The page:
One could of course just take a blanket view that everything on the
site is, as of a certain moment, licensed under GPLv3 (note you
don't have to change file headers to achieve this, the file headers
have no particular legal significance in any case).
Given the July 31 "deadline", that's essentially what's being done: any
file with a date before August 1, 2007 is GPLv2 and any after is GPLv3.
This is one of the reasons why I don't see the version number change as
so significant.
Michael Eager
2007-07-14 18:36:46 UTC
Permalink
Post by Richard Kenner
One could of course just take a blanket view that everything on the
site is, as of a certain moment, licensed under GPLv3 (note you
don't have to change file headers to achieve this, the file headers
have no particular legal significance in any case).
Given the July 31 "deadline", that's essentially what's being done: any
file with a date before August 1, 2007 is GPLv2 and any after is GPLv3.
This is one of the reasons why I don't see the version number change as
so significant.
This would be a desirable situation.

Unfortunately, as I understand it, this is not the case. If you
apply a GPLv3 patch to a previously GPLv2 branch after August 1, then
this entire branch, and all files in it, magically and silently
becomes GPLv3. (This is unless FSF agrees with Mark's proposal
to dual license patches.)

As I understand the current situation, knowing the version number
will not tell you whether the code is licensed under GPLv2 or GPLv3.
--
Michael Eager ***@eagercon.com
1960 Park Blvd., Palo Alto, CA 94306 650-325-8077
Robert Dewar
2007-07-14 22:17:06 UTC
Permalink
Post by Michael Eager
Unfortunately, as I understand it, this is not the case. If you
apply a GPLv3 patch to a previously GPLv2 branch after August 1, then
this entire branch, and all files in it, magically and silently
becomes GPLv3. (This is unless FSF agrees with Mark's proposal
to dual license patches.)
As I understand the current situation, knowing the version number
will not tell you whether the code is licensed under GPLv2 or GPLv3.
That's why I suggested a simple rule that ALL software on the site is
GPLv3 after a certain date, so you don't have to know the version number
or anything else, just the date on which you access the site, and if you
are GPLv3 allergic, then the simple rule is not to take ANYTHING off
the site after that date. This is really much the easiest rule.
Michael Eager
2007-07-14 22:49:57 UTC
Permalink
Post by Robert Dewar
Post by Michael Eager
Unfortunately, as I understand it, this is not the case. If you
apply a GPLv3 patch to a previously GPLv2 branch after August 1, then
this entire branch, and all files in it, magically and silently
becomes GPLv3. (This is unless FSF agrees with Mark's proposal
to dual license patches.)
As I understand the current situation, knowing the version number
will not tell you whether the code is licensed under GPLv2 or GPLv3.
That's why I suggested a simple rule that ALL software on the site is
GPLv3 after a certain date, so you don't have to know the version number
or anything else, just the date on which you access the site, and if you
are GPLv3 allergic, then the simple rule is not to take ANYTHING off
the site after that date. This is really much the easiest rule.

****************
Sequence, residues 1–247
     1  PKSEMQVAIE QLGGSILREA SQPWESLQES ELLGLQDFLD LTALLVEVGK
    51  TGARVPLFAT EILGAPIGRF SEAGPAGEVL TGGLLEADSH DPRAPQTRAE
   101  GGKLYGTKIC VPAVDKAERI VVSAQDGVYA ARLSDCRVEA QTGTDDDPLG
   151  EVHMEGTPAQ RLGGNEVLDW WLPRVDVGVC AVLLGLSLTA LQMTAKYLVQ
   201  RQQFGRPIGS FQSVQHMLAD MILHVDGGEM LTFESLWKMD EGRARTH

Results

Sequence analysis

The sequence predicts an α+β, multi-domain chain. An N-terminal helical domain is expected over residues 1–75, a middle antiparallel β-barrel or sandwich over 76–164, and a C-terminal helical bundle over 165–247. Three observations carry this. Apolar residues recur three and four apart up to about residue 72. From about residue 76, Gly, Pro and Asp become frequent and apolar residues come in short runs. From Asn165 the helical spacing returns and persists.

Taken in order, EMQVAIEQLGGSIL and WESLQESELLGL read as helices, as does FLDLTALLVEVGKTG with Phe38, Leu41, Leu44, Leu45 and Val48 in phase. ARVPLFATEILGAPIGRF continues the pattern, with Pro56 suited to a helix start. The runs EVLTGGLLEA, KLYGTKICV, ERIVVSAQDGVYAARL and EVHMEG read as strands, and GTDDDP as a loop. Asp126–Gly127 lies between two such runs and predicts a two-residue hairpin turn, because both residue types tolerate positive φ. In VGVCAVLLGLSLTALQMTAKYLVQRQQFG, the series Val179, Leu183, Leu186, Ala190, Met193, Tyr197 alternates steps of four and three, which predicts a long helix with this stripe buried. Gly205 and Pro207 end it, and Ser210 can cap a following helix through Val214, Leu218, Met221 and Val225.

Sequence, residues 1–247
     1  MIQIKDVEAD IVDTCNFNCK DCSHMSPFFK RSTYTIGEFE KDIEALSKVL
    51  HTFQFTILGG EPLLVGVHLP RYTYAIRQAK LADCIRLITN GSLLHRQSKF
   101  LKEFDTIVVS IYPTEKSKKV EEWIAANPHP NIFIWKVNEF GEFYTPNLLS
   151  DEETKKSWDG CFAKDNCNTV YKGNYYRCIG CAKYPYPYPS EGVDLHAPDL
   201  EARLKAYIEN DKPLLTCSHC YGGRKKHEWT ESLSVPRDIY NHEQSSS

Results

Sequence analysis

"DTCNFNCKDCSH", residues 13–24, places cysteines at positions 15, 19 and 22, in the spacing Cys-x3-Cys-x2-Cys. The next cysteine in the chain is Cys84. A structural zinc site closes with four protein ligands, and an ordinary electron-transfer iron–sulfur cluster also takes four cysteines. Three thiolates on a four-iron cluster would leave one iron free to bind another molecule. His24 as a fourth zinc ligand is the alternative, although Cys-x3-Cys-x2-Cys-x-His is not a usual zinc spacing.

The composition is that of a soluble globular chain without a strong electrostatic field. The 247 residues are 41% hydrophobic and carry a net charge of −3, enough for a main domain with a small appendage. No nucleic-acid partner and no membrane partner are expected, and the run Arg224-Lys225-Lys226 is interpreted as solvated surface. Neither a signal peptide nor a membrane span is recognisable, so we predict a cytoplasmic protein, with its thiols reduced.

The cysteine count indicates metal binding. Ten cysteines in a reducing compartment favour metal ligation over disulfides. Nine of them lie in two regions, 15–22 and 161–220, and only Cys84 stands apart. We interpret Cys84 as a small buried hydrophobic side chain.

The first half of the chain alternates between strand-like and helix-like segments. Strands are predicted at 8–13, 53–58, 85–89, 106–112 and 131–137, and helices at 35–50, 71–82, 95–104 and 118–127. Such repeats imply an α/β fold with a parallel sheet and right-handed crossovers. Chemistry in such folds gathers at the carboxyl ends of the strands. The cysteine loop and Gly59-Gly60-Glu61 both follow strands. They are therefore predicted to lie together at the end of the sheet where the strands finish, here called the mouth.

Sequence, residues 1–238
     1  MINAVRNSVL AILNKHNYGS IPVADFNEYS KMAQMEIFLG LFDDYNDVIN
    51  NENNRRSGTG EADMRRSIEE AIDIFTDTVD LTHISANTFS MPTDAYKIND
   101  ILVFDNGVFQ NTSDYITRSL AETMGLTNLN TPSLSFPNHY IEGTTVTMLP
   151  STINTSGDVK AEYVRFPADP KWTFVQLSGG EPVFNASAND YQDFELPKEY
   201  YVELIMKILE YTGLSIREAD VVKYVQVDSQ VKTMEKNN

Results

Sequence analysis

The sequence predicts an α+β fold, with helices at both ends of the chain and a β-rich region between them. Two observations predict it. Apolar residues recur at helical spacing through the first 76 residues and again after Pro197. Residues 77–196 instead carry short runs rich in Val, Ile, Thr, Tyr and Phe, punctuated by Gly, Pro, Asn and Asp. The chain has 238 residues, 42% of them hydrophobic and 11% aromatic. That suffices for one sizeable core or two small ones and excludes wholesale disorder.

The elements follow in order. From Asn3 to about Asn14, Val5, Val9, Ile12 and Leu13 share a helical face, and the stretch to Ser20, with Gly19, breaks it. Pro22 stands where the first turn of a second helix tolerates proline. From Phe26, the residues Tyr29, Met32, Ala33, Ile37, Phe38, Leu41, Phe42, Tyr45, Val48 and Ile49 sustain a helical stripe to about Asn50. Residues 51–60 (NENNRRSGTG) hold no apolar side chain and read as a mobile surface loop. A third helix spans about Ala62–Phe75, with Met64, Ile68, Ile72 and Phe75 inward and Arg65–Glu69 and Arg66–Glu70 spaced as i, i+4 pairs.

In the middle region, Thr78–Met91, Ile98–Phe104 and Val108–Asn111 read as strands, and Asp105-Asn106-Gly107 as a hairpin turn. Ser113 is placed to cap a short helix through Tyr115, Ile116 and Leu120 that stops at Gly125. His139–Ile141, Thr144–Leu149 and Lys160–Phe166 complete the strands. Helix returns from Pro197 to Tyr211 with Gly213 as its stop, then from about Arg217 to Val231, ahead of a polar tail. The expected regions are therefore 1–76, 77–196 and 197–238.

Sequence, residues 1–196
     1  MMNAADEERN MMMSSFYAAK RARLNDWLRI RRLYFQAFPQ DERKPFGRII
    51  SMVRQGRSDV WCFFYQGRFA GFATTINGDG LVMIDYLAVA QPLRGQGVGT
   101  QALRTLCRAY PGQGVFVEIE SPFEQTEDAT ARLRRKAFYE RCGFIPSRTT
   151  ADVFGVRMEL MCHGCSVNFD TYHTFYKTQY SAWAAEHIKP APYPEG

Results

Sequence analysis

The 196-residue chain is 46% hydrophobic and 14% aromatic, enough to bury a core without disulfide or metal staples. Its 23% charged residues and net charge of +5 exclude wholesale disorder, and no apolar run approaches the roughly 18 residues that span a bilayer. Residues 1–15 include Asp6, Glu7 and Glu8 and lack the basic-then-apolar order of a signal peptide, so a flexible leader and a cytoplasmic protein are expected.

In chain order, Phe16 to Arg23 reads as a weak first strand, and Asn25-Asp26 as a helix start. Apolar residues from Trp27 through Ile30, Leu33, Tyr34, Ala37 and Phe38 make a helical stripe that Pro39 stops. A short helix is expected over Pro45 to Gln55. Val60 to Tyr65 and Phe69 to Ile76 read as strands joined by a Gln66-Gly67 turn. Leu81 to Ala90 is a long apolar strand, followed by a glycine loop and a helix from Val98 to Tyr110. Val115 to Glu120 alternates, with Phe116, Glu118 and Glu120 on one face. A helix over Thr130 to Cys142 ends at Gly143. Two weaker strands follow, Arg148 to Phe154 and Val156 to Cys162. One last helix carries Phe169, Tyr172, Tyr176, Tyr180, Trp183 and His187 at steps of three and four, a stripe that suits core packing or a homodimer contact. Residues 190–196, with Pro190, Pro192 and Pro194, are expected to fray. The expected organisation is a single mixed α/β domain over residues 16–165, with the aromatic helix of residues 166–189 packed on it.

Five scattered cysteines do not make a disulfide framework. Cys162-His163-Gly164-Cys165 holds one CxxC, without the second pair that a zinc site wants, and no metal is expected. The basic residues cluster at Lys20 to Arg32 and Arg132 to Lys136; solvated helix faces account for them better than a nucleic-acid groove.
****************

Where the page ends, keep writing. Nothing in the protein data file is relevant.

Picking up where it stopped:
I understood your suggestion.

This amounts to telling companies that they cannot upgrade their tool
chains to newer versions, or even pick up patches to old versions, until
they (and/or their legal departments) approve GPLv3.

This seems unnecessary. If you are trying to make GPLv3 more
easily adopted by companies, then this is not the way to do it.

On the other hand, perhaps I should simply agree with you.
I'll get more business supporting private tool chain development.

I have contracts with corporations to upgrade their software.
I regularly encourage them to contribute to the open source
repositories and sometimes they agree, although it usually
takes a while to convince them (management and legal departments)
that there is a benefit to this and no risk to their IP rights.

Converting previously released software to a license which they
have not yet evaluated will close these conversations. Rather
than move to later versions of the tools and being more involved
with the open source community, they will stay with their existing
privately supported tool chains. I'll get more work to fix problems
which are already fixed in later releases, but which are off limits
until the legal department gives it's OK. Once a corporation decides
that their current version of gcc is "good enough" and decides that
they will not upgrade, there will be little reason for management to
press their legal department to evaluate or approve GPLv3.

My experience is that for every company which is actively
using and developing gcc and contributes to the open source
community, I talk with many other companies who do gcc development
and follow the GPLv2 completely, but do not submit their patches
to the open source repository. There are a number of reasons
for this, including inertia, caution, secretiveness, etc. I'd
rather not give them another reason.

The result is that there are many private forks of gcc and other
development tools.

You may think that "do it my way or else" is a winning negotiating
tactic, but most of the companies I work with are quite happy to
do things on their own.
--
Michael Eager ***@eagercon.com
1960 Park Blvd., Palo Alto, CA 94306 650-325-8077
Krzysztof Halasa
2007-07-14 23:36:02 UTC
Permalink
Post by Michael Eager
Unfortunately, as I understand it, this is not the case. If you
apply a GPLv3 patch to a previously GPLv2 branch after August 1, then